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Pov Sophal: Coach, Mechanic, Inspiration Cambodia

By: Expat Advisory Posted: January-01-2006 in
Expat Advisory

This is the first in a series of personal profiles of CNVLD Athletes, whose dedication to their sport make them true Cambodian Heroes.

Pov Sophal, one of the top coaches in the CNVLD Racing Wheelchair programme is also one of its most colourful characters.

After joining the Cambodian Army aged just 18 in Svay Rieng Province, close to the border of Vietnam, Sophal lost both legs five years later in a landmine accident on 8th April 1991 aged just 23 years old.

After receiving treatment at the Kien he has stayed on to work as a wheelchair mechanic for the Association for Aid and Relief Cambodia.

Two years after his accident, Sophal took up wheelchair sport because "I thought a disabled person like me could still play sport and I want to show the ability of disabled people to allow other disabled people to become strong".

However, it was not until 2005 when the CNVLD Racing Wheelchair Programme began that he was able to participate in a competitive national programme where all athletes are provided the same equipment.

Getting up at 3.30am every morning, Sophal and his team cover an average 25km in a 2hr road training session.

Now 39, Sophal is married with two daughters and a son who love to watch Dad race and lead his team out at competitions. Famous among fellow racers for inspiring stylish racing chair customisations, his off-the-wall taste in sunglasses and the giant Naga snake tattoo which wraps itself around his arm, Sophal's dedication to training and especially his coaching of younger athletes make him a truly inspirational character in the programme.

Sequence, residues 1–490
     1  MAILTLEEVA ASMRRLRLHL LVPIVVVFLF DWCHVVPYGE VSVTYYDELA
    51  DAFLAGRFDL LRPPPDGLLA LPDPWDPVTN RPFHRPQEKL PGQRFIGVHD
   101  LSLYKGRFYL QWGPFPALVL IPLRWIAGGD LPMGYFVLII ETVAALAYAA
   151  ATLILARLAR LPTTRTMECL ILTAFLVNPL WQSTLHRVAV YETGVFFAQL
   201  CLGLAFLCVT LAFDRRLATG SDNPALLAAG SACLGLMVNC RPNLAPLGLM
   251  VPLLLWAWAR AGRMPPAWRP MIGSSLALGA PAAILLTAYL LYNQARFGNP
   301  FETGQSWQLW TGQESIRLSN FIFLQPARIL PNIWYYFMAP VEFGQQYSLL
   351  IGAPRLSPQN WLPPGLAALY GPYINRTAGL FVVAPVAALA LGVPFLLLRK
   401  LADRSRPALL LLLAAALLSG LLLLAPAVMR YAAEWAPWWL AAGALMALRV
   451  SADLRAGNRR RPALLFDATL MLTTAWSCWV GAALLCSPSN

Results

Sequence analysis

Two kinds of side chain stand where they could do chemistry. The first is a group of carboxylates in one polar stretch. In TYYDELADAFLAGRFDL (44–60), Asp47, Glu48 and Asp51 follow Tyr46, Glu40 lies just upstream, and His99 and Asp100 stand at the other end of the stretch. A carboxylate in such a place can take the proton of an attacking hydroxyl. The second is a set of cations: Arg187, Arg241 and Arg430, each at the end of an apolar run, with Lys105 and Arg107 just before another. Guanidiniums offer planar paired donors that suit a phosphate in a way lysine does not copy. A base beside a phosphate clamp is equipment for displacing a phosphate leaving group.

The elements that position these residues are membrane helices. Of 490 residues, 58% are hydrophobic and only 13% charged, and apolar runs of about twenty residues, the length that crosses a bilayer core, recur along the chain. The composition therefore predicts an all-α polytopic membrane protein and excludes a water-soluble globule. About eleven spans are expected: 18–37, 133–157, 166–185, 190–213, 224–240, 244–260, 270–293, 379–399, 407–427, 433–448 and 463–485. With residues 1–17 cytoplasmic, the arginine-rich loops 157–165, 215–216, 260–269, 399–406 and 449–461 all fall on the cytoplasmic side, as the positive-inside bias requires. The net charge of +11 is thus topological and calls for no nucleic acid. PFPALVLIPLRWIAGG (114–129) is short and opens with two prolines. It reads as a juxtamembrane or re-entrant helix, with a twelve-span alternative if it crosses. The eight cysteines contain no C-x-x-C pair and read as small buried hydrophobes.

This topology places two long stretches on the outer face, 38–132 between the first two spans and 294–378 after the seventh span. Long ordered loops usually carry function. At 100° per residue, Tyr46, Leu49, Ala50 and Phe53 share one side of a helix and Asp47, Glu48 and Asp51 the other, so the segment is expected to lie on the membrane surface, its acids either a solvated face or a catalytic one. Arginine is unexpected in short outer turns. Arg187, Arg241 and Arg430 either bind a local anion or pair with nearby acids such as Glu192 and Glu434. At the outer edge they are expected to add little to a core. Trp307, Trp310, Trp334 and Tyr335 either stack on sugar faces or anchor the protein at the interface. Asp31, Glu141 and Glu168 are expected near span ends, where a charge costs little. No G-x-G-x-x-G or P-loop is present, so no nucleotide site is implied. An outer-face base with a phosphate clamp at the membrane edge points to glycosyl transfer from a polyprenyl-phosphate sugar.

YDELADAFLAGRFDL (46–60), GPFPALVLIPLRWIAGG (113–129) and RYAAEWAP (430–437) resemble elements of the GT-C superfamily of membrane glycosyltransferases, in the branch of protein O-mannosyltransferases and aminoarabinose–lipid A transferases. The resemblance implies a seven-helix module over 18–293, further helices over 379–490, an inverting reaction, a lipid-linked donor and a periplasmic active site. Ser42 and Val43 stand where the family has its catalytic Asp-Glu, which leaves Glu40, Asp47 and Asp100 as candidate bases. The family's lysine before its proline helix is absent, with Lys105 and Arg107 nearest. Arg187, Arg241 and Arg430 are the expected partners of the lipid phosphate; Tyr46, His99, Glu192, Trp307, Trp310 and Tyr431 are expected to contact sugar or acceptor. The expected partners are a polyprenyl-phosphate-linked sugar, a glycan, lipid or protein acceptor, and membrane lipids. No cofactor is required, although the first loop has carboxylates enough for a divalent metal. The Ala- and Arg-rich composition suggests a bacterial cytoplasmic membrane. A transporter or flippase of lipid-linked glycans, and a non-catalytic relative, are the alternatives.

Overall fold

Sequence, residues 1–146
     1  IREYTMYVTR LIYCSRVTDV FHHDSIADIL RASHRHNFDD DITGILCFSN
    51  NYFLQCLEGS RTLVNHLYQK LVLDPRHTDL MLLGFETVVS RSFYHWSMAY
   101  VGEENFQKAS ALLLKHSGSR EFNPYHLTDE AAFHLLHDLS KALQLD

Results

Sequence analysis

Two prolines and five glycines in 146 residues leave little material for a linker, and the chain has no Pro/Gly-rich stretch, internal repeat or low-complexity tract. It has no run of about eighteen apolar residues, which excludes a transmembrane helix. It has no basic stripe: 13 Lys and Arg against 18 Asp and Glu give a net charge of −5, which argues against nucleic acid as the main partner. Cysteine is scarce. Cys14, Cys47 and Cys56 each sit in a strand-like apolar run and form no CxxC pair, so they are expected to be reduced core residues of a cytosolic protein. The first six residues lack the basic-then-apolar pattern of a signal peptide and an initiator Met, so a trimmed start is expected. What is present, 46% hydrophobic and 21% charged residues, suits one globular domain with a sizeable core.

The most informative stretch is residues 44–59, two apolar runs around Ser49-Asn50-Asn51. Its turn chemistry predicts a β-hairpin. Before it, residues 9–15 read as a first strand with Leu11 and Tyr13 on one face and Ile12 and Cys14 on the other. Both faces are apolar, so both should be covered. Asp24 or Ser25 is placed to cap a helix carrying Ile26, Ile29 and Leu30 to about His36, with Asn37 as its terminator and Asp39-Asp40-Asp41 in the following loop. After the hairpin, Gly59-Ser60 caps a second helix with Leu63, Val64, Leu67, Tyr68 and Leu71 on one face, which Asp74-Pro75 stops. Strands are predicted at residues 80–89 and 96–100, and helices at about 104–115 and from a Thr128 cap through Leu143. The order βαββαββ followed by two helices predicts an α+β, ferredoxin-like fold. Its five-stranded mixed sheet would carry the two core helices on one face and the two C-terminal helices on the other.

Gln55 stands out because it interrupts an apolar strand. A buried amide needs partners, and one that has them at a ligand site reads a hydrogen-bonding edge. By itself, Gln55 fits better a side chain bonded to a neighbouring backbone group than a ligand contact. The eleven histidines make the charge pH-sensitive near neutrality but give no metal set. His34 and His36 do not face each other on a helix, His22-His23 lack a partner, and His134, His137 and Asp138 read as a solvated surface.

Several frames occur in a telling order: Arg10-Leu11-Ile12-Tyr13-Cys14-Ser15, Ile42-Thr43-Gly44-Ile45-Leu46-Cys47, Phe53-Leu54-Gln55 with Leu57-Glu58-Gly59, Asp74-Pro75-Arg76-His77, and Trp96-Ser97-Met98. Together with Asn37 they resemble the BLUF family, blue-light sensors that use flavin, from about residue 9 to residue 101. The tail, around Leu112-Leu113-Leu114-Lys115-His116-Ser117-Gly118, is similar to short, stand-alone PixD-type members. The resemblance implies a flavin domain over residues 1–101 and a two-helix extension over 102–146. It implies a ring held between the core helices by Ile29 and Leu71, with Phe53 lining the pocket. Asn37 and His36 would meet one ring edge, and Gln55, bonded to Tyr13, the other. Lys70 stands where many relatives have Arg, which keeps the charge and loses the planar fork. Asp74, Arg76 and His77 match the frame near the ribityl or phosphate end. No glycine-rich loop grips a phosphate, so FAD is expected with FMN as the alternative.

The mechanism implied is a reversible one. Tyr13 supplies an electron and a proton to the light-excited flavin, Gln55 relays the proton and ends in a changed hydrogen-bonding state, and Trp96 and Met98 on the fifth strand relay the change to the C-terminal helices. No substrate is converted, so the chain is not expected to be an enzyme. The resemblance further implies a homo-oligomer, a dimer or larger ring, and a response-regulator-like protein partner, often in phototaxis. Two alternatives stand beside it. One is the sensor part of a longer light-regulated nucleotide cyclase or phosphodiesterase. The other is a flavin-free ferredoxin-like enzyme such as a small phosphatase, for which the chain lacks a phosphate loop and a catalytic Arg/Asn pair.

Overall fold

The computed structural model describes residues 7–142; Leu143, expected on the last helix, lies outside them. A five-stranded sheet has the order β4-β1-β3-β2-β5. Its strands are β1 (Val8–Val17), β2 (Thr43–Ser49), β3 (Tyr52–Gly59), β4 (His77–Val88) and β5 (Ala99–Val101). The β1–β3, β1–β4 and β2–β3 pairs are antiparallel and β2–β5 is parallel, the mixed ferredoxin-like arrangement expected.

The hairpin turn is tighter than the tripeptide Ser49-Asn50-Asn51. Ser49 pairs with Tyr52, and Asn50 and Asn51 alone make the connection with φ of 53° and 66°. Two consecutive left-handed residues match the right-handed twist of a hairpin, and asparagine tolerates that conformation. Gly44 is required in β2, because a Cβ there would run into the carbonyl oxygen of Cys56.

As Head Mechanic for the CNVLD Racing Wheelchair Programme, Sophal has also been responsible for training his young team members how to maintain their chairs in race-ready condition, a factor which has proved the cutting edge in their competition performances.Dedication and preparation are the keys to success for Sophal and his athletes.

Sport is one of the most important parts of his life and his ambitions reflect the impact of sport on social development, "I want to be a good role model for other disabled people"

To Read more about the CNVLD visit their website


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